Interestingly, the free energy difference between two ensembles with identical values of the control parameter, one distributed among microstates according to the equilibrium probability distribution and one out of equilibrium and distributed according to , is equal to the relative entropy between the two probability distributions Gaveau and Schulman (1997):

(1)

Here, is the energy of microstate given control parameter value , angular brackets with subscript “neq” denote an average over the nonequilibrium distribution , is the entropy of , and and are, respectively, the equilibrium and nonequilibrium free energies with control parameter value . Thus, in both a thermodynamic and information theoretic sense, this free energy difference between nonequilibrium and equilibrium ensembles measures a distance from equilibrium.

A nonequilibrium ensemble is specified by a protocol  that describes the history of the control parameter over some time interval: beginning at control parameter value at time , the control parameter is changed according to until it reaches value at time . In the corresponding time reversed protocol , the system starts at time with the final parameter of the forward protocol, and then the controllable parameter retraces the same series of changes, in reverse, over a time interval of length to end at time with the initial value of the forward protocol. Measurements performed on a system using a pair of conjugate protocols and are related by Crooks (2000),

(2)

Here, is a measurement of the system (any real function of the phase space trajectory), is the corresponding time-reversed measurement (defined by where and are a phase space trajectory and its time-reversal, respectively), and is the work performed on the system during the (forward or time-reversed) protocol. The angled brackets indicate that measurements are averaged over an experimental protocol, specified by subscripts: the first subscript indicates the initial preparation of the system; the second subscript, after the semicolon, indicates the protocol during measurement. Thus “” specifies that the system is equilibrated with fixed parameter and then the properties of the system are measured while the system is driven with protocol , whereas “” indicates initial equilibration at followed by measurement during the time-reversed protocol . If the preparation protocol is not explicitly stated, as is the case in many of our previous papers, then implicitly the system is prepared at equilibrium with the initial control parameter of the measurement protocol.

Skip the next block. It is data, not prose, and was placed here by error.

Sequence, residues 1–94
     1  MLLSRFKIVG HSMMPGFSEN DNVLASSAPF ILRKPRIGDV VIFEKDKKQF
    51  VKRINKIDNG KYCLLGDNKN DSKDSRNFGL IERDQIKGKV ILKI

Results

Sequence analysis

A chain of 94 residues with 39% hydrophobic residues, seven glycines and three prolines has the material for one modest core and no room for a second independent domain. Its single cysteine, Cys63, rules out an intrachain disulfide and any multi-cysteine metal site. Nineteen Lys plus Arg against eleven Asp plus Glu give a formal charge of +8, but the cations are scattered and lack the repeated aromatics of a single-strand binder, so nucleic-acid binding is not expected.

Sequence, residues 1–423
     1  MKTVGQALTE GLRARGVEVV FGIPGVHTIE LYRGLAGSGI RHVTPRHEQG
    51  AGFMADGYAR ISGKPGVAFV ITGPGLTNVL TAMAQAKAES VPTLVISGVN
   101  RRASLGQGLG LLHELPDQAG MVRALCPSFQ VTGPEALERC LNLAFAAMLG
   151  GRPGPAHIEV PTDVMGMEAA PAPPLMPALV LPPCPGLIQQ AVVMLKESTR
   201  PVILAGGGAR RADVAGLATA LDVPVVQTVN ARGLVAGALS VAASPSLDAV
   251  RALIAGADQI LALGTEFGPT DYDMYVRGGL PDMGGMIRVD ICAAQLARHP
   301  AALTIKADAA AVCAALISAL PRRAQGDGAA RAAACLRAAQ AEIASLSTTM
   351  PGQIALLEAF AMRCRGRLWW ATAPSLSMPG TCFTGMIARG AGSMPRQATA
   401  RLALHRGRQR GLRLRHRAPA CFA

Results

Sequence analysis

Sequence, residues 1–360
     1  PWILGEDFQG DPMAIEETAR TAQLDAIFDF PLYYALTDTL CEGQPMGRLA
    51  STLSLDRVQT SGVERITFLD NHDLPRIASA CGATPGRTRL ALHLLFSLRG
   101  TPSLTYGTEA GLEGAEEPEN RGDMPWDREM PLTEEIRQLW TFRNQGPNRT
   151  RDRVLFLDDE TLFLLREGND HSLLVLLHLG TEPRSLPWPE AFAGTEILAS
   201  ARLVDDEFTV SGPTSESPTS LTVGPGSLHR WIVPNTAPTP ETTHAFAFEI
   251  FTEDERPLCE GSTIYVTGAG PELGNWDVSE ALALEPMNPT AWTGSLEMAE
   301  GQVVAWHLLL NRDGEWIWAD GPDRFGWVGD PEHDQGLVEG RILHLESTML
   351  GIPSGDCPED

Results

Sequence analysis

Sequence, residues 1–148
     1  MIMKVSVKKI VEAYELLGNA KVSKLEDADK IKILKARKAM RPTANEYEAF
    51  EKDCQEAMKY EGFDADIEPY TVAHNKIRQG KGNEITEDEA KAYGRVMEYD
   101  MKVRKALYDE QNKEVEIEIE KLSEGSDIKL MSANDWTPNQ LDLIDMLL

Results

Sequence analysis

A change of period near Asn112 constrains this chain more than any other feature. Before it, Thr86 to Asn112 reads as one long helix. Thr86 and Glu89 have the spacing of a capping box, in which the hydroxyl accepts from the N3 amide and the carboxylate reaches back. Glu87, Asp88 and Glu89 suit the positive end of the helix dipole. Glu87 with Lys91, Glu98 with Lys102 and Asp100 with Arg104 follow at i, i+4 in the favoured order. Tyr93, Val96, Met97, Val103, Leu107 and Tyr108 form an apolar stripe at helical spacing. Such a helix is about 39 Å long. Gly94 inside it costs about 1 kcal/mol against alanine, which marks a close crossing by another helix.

We will use Eq. (2) to relate nonequilibrium probability distributions to moments of the work distribution. First, we replace the generic measurement with a delta function of the final system microstate . This gives a relation between the nonequilibrium probability of a microstate, and a nonlinear average of the work performed on the system during the time-reversed protocol, starting from that microstate Crooks (2000):

(3)

The subscript “” indicates initial preparation of the system in microstate and subsequent work measurement during protocol . Next, we rearrange the previous expression as in Ref. Evans and Searles (1995),

(4)

and factor out work averages to arrive at

(5)
(6)

Averaging over the nonequilibrium distribution gives the free energy difference

(7)

Here is the equilibrium free energy under control parameter value , and is the nonequilibrium free energy upon completion of protocol following initial equilibration at . The subscript “” indicates initial preparation of the system by forward protocol and subsequent work measurement during reverse protocol .

These relations for nonequilibrium probabilities and free energy are formally exact, yet impractical. In particular, the exponential averages in Eq. (6) are dominated by low dissipation realizations of the protocol, which are extremely rare Jarzynski (2006).

To proceed further we develop a tractable approximation by examining, for a given nonequilibrium distribution at the conclusion of protocol , a family of nonequilibrium distributions . These distributions are produced by protocols , which with probability reproduce the original protocol and with probability perform a reversible (quasistatic) protocol between the same two end points and . In the near-equilibrium limit as , expanding the relative entropy in  Ingarden (1981) gives

(8)

for the relative probability difference . The second line follows from Taylor expansion of the logarithm about and conservation of probability which imposes

(9)